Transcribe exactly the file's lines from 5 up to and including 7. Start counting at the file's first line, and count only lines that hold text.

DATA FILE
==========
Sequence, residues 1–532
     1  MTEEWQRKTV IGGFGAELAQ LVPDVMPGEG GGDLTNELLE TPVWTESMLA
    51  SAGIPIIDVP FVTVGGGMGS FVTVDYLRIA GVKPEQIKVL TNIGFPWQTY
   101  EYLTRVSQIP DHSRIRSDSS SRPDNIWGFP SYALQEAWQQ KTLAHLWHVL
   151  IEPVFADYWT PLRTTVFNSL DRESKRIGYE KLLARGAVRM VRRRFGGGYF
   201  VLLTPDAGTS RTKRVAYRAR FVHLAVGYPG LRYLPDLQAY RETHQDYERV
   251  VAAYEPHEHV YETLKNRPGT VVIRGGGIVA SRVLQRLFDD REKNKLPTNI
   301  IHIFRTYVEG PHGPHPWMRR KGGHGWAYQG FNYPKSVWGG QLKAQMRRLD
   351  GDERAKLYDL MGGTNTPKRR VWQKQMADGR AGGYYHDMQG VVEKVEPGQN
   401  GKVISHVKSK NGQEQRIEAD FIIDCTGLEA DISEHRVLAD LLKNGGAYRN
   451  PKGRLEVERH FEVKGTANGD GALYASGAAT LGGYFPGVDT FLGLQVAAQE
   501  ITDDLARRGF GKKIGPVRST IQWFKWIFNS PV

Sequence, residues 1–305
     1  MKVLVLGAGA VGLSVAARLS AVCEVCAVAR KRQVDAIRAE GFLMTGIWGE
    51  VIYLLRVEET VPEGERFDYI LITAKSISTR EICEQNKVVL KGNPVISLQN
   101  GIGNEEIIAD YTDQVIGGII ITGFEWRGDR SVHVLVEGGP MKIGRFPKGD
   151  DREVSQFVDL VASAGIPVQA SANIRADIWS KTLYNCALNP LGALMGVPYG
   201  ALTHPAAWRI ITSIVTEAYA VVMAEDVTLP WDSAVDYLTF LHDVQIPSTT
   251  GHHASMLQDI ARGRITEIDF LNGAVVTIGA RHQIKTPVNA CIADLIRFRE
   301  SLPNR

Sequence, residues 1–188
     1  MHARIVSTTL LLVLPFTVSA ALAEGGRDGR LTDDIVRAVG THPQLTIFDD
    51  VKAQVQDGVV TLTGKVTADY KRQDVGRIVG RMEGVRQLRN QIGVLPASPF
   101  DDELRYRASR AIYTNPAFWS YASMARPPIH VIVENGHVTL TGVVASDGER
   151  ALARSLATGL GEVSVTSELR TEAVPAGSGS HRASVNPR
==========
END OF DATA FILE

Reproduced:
   151  IEPVFADYWT PLRTTVFNSL DRESKRIGYE KLLARGAVRM VRRRFGGGYF
   201  VLLTPDAGTS RTKRVAYRAR FVHLAVGYPG LRYLPDLQAY RETHQDYERV
   251  VAAYEPHEHV YETLKNRPGT VVIRGGGIVA SRVLQRLFDD REKNKLPTNI